Kim Eunja, whose touching story is told in the latest Turkish movie "Ayla," said Wednesday that all Turks have become her family after Sergeant Süleyman Dilbirliği brought her up during the Korean War in the 1950s.
Kim, who was traveling with the Ayla cast to southeastern Gaziantep for an upcoming premiere, praised the movie for telling a story of love, peace and wartimes based on her own life.
Stating that she didn't know much about Turkish culture before, Kim said that she learned a lot while watching the tearjerker.
"Turkish soldiers who participated in the Korean War all looked out for the orphans and were very kind," Kim said, explaining her love for Turkish people.
The 71-year-old Korean also added that she could not express her feelings upon meeting her long-lost "father" 60 years after Dilbirliği saved the then-orphaned Kim.
"After the reunion we kept in touch and exchanged letters. I visited him a few times," Kim said, adding that she wished Dilbirliği a speedy recovery.
The Korean war veteran was placed into intensive care at Istanbul's Haydarpaşa Numune Hospital after suffering from respiratory insufficiency last week.
During Kim's hospital visit, Dilbirliği could only gesture with his hands due to his frail health condition, while the South Korean woman burst into tears upon seeing him.
Nominated for Best Foreign Language Film at the Oscars, "Ayla" tells the true story of Dilbirliği, who fought in the 1950s Korean War, and the 5-year-old Korean girl he gave the Turkish name "Ayla."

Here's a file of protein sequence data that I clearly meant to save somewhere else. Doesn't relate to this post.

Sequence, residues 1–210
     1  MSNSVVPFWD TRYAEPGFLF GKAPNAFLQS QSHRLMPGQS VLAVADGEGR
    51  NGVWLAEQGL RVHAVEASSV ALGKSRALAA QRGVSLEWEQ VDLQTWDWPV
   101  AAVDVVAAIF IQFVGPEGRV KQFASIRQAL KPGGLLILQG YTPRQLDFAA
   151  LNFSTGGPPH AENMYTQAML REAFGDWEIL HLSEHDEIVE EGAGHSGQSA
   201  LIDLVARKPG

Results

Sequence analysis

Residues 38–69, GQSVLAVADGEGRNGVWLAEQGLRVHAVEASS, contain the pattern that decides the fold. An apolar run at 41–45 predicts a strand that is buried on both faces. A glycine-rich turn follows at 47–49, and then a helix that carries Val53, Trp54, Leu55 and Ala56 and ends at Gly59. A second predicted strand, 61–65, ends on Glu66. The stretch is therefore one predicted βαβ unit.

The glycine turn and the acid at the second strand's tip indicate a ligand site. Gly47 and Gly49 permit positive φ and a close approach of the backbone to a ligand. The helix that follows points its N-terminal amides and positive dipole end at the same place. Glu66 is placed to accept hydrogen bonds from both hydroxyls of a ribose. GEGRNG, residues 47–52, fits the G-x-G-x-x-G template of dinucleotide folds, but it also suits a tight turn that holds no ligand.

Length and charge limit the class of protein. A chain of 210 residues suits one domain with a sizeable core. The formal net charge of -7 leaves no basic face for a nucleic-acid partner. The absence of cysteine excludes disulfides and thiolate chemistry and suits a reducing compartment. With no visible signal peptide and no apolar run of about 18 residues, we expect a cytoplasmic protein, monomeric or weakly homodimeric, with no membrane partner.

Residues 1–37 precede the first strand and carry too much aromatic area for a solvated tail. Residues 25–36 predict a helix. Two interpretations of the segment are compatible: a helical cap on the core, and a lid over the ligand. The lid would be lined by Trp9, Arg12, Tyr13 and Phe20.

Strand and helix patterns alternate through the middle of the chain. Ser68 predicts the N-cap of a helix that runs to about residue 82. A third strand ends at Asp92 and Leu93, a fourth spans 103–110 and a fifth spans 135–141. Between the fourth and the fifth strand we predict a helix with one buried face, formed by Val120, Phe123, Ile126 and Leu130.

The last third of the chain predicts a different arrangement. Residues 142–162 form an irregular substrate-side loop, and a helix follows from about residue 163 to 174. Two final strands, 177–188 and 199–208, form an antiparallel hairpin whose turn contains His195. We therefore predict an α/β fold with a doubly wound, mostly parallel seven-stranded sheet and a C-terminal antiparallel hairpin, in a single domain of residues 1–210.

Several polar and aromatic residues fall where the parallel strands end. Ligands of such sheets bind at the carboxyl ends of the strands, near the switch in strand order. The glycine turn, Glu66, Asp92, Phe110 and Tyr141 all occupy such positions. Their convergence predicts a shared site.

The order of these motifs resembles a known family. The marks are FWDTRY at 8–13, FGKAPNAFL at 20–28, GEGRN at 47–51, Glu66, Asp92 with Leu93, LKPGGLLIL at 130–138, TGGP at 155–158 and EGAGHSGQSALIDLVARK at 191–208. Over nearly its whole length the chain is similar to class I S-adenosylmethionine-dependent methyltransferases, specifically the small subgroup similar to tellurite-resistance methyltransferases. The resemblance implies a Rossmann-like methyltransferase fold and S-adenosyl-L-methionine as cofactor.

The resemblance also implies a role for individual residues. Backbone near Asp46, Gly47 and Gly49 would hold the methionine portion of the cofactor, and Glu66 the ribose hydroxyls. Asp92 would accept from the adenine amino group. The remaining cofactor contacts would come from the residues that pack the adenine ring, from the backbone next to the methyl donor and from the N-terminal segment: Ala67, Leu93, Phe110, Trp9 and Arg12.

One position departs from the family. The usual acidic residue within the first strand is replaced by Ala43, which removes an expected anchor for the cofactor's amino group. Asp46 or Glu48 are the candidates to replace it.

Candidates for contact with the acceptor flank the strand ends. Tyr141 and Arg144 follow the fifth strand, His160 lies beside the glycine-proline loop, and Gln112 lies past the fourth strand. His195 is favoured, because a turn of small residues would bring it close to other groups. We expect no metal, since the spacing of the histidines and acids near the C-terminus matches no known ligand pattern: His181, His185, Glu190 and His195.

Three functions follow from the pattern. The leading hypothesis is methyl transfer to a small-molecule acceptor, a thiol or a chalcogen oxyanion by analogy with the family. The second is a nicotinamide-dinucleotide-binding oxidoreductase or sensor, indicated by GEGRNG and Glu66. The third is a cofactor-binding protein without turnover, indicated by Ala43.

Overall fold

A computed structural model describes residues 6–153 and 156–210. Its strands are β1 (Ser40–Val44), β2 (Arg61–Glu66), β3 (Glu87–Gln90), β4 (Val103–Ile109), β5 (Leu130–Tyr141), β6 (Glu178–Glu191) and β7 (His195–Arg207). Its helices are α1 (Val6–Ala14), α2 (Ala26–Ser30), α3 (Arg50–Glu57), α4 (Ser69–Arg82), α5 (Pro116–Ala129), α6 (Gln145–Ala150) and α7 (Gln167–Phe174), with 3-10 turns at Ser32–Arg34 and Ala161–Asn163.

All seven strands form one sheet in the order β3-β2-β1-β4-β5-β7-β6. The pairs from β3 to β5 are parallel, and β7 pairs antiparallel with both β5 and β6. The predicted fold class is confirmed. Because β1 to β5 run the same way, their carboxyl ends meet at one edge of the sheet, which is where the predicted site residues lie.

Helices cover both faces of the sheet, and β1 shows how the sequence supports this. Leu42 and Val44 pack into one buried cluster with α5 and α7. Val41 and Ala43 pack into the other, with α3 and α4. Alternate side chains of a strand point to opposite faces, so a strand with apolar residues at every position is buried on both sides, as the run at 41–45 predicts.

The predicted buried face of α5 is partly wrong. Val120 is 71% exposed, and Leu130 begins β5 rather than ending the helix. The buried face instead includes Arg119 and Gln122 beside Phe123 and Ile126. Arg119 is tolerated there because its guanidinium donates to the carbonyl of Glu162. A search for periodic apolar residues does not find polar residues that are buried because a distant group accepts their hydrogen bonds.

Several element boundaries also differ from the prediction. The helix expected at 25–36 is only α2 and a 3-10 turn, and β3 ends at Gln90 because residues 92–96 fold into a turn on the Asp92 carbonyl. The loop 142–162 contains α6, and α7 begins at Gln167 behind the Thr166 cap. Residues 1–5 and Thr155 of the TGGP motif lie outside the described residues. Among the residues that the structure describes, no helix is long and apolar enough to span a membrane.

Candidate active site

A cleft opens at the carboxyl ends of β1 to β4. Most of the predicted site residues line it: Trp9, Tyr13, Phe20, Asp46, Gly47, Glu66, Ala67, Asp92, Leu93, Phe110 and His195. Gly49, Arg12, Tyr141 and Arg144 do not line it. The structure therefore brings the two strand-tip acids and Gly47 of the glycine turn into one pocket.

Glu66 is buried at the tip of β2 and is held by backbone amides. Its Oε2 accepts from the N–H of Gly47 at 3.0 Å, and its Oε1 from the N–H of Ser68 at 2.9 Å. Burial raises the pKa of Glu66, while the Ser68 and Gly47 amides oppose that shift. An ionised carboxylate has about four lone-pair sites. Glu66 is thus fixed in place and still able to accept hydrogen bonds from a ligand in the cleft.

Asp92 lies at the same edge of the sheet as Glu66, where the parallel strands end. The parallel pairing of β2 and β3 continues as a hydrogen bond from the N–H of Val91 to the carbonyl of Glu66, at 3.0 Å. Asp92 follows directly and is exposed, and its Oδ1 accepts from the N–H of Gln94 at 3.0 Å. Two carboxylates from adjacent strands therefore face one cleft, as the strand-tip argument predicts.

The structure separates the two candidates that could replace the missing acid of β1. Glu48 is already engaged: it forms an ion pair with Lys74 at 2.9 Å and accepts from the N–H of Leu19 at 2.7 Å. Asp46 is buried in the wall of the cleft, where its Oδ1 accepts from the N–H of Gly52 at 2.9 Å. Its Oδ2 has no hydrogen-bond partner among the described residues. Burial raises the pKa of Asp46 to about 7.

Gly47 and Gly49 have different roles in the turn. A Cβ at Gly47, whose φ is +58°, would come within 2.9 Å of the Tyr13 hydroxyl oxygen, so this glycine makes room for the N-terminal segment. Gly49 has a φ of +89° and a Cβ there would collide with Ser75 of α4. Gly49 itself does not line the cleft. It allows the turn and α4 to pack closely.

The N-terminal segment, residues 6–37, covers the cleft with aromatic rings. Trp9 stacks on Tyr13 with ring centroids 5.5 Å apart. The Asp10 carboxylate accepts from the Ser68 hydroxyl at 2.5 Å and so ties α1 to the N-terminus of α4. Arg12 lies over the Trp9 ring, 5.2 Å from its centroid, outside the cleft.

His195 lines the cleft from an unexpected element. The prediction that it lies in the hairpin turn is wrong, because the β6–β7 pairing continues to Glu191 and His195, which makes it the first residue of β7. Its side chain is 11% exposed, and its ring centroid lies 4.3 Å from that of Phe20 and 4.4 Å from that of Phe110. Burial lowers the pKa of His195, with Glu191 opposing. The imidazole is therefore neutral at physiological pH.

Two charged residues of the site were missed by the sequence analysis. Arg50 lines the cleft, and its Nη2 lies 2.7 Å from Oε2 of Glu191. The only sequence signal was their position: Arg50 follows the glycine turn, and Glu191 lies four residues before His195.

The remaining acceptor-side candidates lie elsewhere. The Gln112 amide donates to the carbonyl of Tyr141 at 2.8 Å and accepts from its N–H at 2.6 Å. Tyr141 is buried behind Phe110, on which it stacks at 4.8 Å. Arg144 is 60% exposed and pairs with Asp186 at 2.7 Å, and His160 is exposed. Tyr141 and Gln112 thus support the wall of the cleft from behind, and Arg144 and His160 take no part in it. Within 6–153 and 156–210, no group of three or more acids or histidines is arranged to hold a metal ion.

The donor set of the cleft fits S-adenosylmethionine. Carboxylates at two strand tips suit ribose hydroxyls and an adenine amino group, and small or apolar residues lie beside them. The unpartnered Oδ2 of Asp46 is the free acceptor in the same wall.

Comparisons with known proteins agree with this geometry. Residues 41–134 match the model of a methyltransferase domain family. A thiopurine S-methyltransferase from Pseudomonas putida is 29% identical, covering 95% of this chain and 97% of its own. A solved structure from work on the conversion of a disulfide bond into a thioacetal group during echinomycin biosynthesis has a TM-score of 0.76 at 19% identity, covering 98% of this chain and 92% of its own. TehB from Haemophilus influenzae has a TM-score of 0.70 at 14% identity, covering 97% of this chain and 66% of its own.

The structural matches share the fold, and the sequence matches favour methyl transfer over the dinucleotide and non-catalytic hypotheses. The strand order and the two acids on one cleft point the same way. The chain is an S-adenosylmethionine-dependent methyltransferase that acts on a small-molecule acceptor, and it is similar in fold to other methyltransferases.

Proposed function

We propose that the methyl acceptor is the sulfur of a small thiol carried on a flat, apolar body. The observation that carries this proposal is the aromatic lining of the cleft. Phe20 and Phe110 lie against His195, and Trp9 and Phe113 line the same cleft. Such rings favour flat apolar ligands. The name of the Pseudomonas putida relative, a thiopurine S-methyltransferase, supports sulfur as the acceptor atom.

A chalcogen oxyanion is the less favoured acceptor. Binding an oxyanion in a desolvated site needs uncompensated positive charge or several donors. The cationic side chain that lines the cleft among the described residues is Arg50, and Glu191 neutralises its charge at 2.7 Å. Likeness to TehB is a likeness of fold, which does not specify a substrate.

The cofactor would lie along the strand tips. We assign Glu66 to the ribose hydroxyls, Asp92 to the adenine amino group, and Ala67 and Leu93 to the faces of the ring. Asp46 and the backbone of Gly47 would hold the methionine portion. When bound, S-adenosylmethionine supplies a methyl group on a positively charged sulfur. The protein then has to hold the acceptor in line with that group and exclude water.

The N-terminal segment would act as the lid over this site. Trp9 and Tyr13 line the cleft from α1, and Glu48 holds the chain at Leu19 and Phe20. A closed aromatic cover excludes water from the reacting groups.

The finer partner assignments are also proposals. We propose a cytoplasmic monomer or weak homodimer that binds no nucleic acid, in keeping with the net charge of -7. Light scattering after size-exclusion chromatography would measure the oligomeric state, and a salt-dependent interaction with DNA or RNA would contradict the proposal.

Kim's parents had been killed in the war when Dilbirliği found her alone in the woods. He decided to bring her to the Turkish garrison. For 14 months, the Turkish soldiers looked after her.
However, when the soldiers had to return to Turkey after the war, she was entrusted to other troops there. She was later transferred to an orphanage.
The two met again in 2010 in South Korea in an emotional reunion, after a search was launched by officials following an Istanbul event to mark the 60th anniversary of the Korean War.
Turkey joined the Korean War under U.N. command between 1950 and 1953 in efforts to support South Korea's struggle for freedom, democracy and independence. A total of 741 Turkish troops were killed during the conflict.
The Turkish sacrifice in the war coined the term "blood ally" for Turks in South Korea.
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